SODOM & GOMORRAH: Did the Founding Fathers ever fully think through Article Five of the US Constitution?
@kalimkassam, poking libertarians and tea partiers a little, suggested that the US Constitution has historically proven to be a blueprint for unlimited government. The argument has been suggested in dark hallways far from the Beltway, but it does need to be considered. Whatever genius the Founding Fathers may have had in attempting their Republic, their system birthed what we have now. And by the standards of those who yearn for the old days of the Republic, what we have now is terrible. Yet no one will address the cracks and faults in that original foundation that allowed us to turn into a bunch of chimpanzees in less than 300 years.
Restorus is an exception. Just as President Nixon, a staunch anti-Communist, was the only politician who could credibly negotiate with China, the radical Right is the only group capable of opening this conversation. After all, only liberals and those with liberal tendencies (i.e. those who part their hair on the left, oppose cervical cancer, or didn’t clap when Rick Perry championed the express death row program Texas has) can be accused of treasonous behavior.
When @kalimkassam asked his question, another user, @CJFontenot1 replied and said “True, but majority doesn’t want unlimited gov. Constitution forbids tyranny & govt overthrow. This author asked where in the Constitution tyranny and overthrow were prohibited, at which point the conversation turned treasonous – perhaps we were wrong and no one is safe having this conversation. It is too late now, the point has been made: the Constitution opens the door to its repeal.
Article Five of the US Constitution reads:
“The Congress, whenever two thirds of both Houses shall deem it necessary, shall propose Amendments to this Constitution, or, on the Application of the Legislatures of two thirds of the several States, shall call a Convention for proposing Amendments, which, in either Case, shall be valid to all Intents and Purposes, as part of this Constitution, when ratified by the Legislatures of three fourths of the several States, or by Conventions in three fourths thereof, as the one or the other Mode of Ratification may be proposed by the Congress; Provided that no Amendment which may be made prior to the Year One thousand eight hundred and eight shall in any Manner affect the first and fourth Clauses in the Ninth Section of the first Article; and that no State, without its Consent, shall be deprived of its equal Suffrage in the Senate.”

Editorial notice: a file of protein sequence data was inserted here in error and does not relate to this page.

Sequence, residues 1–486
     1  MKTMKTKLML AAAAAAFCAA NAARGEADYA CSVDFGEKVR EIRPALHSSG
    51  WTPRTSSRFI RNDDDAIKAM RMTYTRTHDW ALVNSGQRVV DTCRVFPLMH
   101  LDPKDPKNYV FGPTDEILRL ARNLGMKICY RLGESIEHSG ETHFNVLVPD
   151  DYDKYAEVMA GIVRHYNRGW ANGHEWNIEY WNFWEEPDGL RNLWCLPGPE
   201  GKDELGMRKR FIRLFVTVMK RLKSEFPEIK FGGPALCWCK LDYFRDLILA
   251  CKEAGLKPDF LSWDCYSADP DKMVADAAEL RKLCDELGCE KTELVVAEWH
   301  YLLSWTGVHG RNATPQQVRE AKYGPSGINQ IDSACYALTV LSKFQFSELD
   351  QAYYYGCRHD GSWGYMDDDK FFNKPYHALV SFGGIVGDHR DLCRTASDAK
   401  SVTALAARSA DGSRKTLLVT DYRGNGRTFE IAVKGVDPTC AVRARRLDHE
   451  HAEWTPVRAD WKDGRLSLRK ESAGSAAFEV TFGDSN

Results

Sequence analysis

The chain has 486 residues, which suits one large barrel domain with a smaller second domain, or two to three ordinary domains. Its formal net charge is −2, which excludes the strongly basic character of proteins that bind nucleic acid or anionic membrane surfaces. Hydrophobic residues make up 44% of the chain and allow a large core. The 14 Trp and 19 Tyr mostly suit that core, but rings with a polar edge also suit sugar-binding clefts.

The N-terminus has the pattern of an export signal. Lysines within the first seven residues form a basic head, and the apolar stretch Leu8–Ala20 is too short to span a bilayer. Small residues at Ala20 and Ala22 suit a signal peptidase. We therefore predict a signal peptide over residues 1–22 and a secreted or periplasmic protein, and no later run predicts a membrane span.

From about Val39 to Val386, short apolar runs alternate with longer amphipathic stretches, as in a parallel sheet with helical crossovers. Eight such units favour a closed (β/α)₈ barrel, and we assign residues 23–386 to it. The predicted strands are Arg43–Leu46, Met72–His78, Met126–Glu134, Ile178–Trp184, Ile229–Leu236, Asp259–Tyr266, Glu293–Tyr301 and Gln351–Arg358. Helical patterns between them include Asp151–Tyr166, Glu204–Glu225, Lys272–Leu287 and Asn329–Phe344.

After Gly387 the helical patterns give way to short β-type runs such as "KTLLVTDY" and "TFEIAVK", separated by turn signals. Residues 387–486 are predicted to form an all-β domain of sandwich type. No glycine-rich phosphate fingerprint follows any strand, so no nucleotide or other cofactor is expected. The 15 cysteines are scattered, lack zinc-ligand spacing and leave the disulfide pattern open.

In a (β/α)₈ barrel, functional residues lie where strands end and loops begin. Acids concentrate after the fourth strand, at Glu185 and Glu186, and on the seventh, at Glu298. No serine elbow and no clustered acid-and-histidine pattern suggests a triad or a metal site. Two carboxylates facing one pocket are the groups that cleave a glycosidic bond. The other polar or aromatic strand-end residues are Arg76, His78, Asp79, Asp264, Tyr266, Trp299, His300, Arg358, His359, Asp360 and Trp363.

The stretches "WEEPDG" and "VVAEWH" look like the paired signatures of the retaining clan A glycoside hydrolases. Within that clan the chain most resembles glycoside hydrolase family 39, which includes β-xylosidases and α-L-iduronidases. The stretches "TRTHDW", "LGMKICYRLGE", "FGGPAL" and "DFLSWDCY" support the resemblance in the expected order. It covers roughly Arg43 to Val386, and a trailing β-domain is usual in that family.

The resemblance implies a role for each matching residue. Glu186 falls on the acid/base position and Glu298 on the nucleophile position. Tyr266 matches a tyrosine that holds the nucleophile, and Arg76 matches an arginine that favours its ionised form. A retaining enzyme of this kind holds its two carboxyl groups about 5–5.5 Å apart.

So the only conditions laid out here are:
1. Changes can be made to the Constitution only once a certain number of people agree;
2. We can’t change certain parts until after 1808;
3. States must have equal votes in the Senate.
The only implied limit is that there must be a Senate after the changes (so we can’t do away with the Senate). This limit doesn’t mean much, of course. The Convention could always amend Article Five to strike the section after the last semi-colon. As long as said change was ratified before any attempt to eliminate the Senate, it would be perfectly legal. If not, then one must always remember that reducing state suffrage in the Senate to zero votes would also be allowed as long as all states were deprived of the vote at the same time. Two thirds of the Senate can legally vote to never vote again and there’s nothing in this or any other document that could stop them.
Aside from these slight stipulations, if you have a party that makes up the two thirds majority in the House and Senate (assuming the latter hasn’t gone home), you can amend your way to whatever you want.
There is one other bump in the road, and that’s the treason clauses. Granted, they too can be wiped away if the votes are there, but a careful reading of the Preamble makes this a moot point. The Preamble states that the people ordain and establish the Constitution in order to form a more perfect union, establish justice, insure domestic tranquility, provide for common defense, promote general welfare, and secure the blessings of liberty. If the Convention can lay a claim to both the people’s will (which they could if they were voted in) and a program that allegedly creates a better condition for the above desired goals, they can’t be accused of making war on the country (which the Preamble defines as the people through the word “ordain” which implies a sovereign decree) or of aiding its enemies since they’d presumably be aiding the people though expanded justice and so forth. At least according to the law.
The purpose of such a mental exercise is to show that the document by itself can’t defend itself. Some source of external legitimacy and order is needed, or else all you need is 356 people who don’t want to play by the rules before the rules stop being enforced. Does that worry anyone else?